Original Investigation |

Monopolar Cautery and Adverse Effects on Cochlear Implants

Anita Jeyakumar, MD, MS1; Meghan Wilson, MD1; Jonathan E. Sorrel, BS2; J. Benjamin McIntire, BS2; Dara D. Jones, BS2; Todd M. Brickman, PhD, MD1; Moises Arriaga, MD1
[+] Author Affiliations
1Department of Otorhinolaryngology, Louisiana State University, New Orleans
2Health Science Center, Louisiana State University, New Orleans
JAMA Otolaryngol Head Neck Surg. 2013;139(7):694-697. doi:10.1001/jamaoto.2013.3297.
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Published online

Importance  The use of monopolar cautery has been widely regarded as a contraindication in the setting of a cochlear implant because of presumed risk to the implant device. There are very limited data to support this contraindication.

Objectives  (1) To evaluate the effects of monopolar cautery on cochlear implant devices. (2) To determine whether monopolar cautery changes the endocochlear temperature in an implanted cochlea.

Design  Sixteen cochlear implants from 3 manufacturers (Advanced Bionics LLC, Cochlear Americas Ltd, and Med-El Ltd) were implanted into 2 unembalmed, fresh cadavers. Monopolar cautery was applied to either the tongue or abdomen at coagulation settings of 10 W or 50 W for 30 minutes. Impedance and integrity testing were performed before, during, and after 30 minutes of cautery. The temperature in the endocochlear perilymph was measured during cautery. After explantation, devices were returned to the manufacturer for an in-depth “failure” analysis according to each manufacturer’s current protocol evaluating explanted devices.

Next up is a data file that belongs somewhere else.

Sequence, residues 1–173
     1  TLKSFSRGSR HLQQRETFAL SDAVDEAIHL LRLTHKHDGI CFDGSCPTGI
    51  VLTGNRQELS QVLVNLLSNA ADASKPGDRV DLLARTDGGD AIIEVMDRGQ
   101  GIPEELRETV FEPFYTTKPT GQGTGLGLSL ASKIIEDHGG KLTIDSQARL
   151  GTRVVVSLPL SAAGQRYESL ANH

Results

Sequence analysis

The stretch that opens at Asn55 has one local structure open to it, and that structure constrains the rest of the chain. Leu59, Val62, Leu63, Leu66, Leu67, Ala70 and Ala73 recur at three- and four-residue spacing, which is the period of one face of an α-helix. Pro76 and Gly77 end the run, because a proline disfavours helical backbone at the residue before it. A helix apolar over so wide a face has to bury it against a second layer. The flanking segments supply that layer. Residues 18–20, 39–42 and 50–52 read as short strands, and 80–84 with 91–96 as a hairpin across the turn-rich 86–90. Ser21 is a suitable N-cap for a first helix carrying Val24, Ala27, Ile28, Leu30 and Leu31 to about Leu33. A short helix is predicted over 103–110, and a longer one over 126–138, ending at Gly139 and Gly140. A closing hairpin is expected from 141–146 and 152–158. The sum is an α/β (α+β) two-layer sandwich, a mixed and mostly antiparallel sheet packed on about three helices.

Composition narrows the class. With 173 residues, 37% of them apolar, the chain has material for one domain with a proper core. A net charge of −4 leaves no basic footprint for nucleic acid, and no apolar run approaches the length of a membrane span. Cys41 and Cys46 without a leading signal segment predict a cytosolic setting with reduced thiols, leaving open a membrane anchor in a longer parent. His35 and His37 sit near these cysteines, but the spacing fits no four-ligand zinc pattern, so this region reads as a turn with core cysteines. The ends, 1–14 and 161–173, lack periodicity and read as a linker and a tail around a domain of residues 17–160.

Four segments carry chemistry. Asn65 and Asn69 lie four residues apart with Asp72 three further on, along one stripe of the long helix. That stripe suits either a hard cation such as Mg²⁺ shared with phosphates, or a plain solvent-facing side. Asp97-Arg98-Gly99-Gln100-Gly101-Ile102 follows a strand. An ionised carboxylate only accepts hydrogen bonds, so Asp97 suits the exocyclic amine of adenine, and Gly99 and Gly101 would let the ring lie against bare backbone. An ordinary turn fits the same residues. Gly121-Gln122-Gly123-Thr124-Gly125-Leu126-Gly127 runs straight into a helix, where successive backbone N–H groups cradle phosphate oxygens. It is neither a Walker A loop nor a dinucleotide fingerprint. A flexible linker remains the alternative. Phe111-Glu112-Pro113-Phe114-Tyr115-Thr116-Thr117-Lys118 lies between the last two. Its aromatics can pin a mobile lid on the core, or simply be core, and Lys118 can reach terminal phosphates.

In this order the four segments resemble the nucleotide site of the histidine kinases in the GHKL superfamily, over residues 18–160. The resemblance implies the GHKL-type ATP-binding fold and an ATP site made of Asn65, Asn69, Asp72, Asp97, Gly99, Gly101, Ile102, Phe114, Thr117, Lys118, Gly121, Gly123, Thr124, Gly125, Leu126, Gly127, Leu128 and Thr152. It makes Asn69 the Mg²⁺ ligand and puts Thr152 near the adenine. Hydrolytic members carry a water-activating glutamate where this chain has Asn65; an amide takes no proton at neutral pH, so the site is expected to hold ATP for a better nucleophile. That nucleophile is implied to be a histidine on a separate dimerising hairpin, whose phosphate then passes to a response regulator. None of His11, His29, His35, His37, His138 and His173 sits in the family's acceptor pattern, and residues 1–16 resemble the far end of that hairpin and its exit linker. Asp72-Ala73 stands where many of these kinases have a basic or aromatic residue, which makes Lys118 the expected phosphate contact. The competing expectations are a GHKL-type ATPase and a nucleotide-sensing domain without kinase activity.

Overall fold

Setting  Basic science laboratory, tertiary medical center.

Participants  Cadaveric study.

Intervention  Application of monopolar cautery to implanted cochlear implants in a cadaveric model.

Main Outcome and Measure  (1) Changes to the implanted devices either during electrocautery or following failure analysis. (2) Changes in the intracochlear temperature.

Results  No change in impedance, integrity testing, or failure analysis occurred at any cautery setting when applied to either the oral cavity or abdomen. The temperature of the cochlea did not increase with up to 30 minutes of cautery at a setting of 50 W. Comprehensive device analysis did not show any evidence of device damage at the conclusion of the study.

Conclusions and Relevance  Monopolar cautery did not produce detectible damage to any of the cochlear implant devices or produce detectible temperature change in the cochlea at low or high levels of cautery in the oral cavity in this experimental model.

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